(From “Pensions Age” Magazine October 2012)
Boris Johnson, the Mayor of London, likes to see himself as a white knight leaping, as he puts it, “… to the defence of unfashionable causes” and in a recent article in The Daily Telegraph the cause he espouses is that of the Energy multinational BP. The corporation has apparently been threatened by a federal court in the United States with, in Boris’s words, “…and absolute crippler of a fine [which] some people say …will be in the region of $40bn”. Whether this is remotely likely I have no idea – it would be a sum that is nearly a third of BP’s market capitalisation of $135bn and would bring the very future of the company, at least in its current form, into doubt. Boris Johnson worries about this – and he is right to do so not least (in my view) because of the potential consequences for the members of the various BP Pensions Funds. But where I take issue with the Mayor is his statement that he needs “to speak up for everyone whose pension depends on BP shares” because “A lot of our pension funds have traditionally invested in BP shares, and if BP shares go down then that is bad news for UK pensioners…”
If a company the size of BP gets into serious trouble it is not good news for anybody but Boris is being alarmist and quite wrong to be so specific about the effect on UK pensioners. I am told that at the time of the Deepwater Horizon disaster in March 2010, when the company’s market cap. was around $180bn some $30bn of this was held by UK pension funds. In aggregate this is a huge sum and, in aggregate, if the unit share price falls this total value falls substantially as well - this is probably what Boris was referring to. But the reality is that it is doubtful if any single UK pension fund suffered materially as a result of this share price fall nor that any Fund would suffer if such a fall, or worse, happened again. A prudent investment policy, which all UK Pension Funds are statutorily required to follow, would preclude any fund having more than a fairly small percentage of its investments in any one Equity. In the case of the Fund of which I am a Trustee, for example, no single Equity represented more than 0.4% of our total investment at the end of 2011 ( although in theory we could have a higher percentage in one Equity if we chose to do so). It is also the case that a significant proportion of the Equity investments for many Funds is in vehicles which track indices like the FTSE and that if BP, or any other member of the FTSE, suffers a fall that is greater than the FTSE as a whole then the Fund’s holding in BP would decline anyway. There is a sort of self-correcting mechanism here which automatically favours investments in the more successful equities.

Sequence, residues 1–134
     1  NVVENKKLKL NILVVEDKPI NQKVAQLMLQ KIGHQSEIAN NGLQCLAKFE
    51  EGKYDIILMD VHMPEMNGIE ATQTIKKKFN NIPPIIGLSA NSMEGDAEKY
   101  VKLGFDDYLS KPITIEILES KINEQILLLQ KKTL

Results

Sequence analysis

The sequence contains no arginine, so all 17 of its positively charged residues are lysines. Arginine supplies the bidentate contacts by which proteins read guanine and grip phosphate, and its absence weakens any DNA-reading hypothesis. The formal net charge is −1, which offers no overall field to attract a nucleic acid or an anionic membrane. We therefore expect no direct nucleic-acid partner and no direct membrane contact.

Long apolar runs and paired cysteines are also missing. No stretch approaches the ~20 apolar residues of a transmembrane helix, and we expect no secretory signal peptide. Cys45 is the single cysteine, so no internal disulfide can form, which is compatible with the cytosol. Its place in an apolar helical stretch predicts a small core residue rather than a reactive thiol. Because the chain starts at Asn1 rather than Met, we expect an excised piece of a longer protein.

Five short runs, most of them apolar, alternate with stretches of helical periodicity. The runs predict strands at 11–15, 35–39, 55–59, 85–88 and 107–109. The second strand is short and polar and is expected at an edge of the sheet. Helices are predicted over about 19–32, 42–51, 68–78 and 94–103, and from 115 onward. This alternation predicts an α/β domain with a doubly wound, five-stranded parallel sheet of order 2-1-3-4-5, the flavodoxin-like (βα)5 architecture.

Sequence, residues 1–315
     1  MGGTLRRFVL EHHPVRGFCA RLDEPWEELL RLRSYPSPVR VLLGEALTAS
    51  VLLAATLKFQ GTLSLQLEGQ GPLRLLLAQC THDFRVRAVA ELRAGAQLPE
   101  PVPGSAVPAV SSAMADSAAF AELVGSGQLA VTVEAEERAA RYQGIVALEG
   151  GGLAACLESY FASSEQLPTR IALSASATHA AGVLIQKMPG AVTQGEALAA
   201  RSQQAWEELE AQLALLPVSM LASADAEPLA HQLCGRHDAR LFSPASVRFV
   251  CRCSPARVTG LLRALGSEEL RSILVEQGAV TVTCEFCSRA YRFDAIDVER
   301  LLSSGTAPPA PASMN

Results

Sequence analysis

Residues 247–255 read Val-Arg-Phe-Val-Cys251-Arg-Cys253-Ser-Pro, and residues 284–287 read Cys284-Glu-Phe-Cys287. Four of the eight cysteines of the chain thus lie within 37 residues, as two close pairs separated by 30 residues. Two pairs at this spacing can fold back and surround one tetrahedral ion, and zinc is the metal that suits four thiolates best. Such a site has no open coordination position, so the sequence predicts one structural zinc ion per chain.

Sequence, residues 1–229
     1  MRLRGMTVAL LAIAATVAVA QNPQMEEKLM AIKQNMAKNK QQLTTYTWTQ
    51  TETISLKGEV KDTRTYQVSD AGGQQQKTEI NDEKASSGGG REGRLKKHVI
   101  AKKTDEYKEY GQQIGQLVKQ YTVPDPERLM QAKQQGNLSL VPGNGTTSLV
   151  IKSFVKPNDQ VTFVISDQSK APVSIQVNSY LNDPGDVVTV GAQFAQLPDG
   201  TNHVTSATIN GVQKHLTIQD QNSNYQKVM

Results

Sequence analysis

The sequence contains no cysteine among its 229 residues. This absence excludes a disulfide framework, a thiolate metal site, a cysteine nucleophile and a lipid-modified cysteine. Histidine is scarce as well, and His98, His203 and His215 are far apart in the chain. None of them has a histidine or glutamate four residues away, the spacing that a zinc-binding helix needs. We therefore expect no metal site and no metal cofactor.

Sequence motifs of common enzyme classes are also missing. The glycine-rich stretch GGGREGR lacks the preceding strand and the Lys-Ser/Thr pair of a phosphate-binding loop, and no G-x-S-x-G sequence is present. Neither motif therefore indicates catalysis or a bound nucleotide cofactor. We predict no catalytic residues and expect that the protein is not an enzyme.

So if no individual pension fund has suffered significantly in the past, or will suffer in the future, from the collapse of the share price of one Equity like BP this, of course, means that contrary to what Boris Johnson is saying it is not “Bad news for UK pensioners” at all. As I mentioned, the real potential casualties from BP’s difficulties are BP pensioners and I am sure that the Trustees of the BP funds will be paying close attention to their sponsor’s covenant in these difficult times. But the BP fund is in the Top 10 of UK Defined Benefit scheme in respect of Assets Under Management and has, given the difficult economic times, a satisfactory funding ratio. I am sure that the BP Fund Trustees are not being complacent but it seems to me that it would only be in the case of a successful predatory takeover of BP that the status of the Pension Fund would be brought into question. And if that had been going to happen surely it would have been in the first half of 2010 when the value of the company halved in a few weeks following Deepwater Horizon?
To return to the Mayor of London and his defence of unfashionable causes. The cause that I would like to see him and other politicians pick up is that of our private sector retirees of twenty, thirty and forty years’ time. Public sector employees have, whatever they might think or say, been offered a Pensions deal which though not as good as in the past will still, in the main, give them a secure retirement. All too many private sector employees, however, have been offered no deal at all. If ever there was a ticking time bomb – and genuinely “bad news” for (future) UK pensioners - it is this. This is a real cause to “unsheath your columnar Excalibur” for Boris!
Paddy Briggs is a Member Nominated Trustee of the Shell Contributory Pension Fund. He writes in a personal capacity.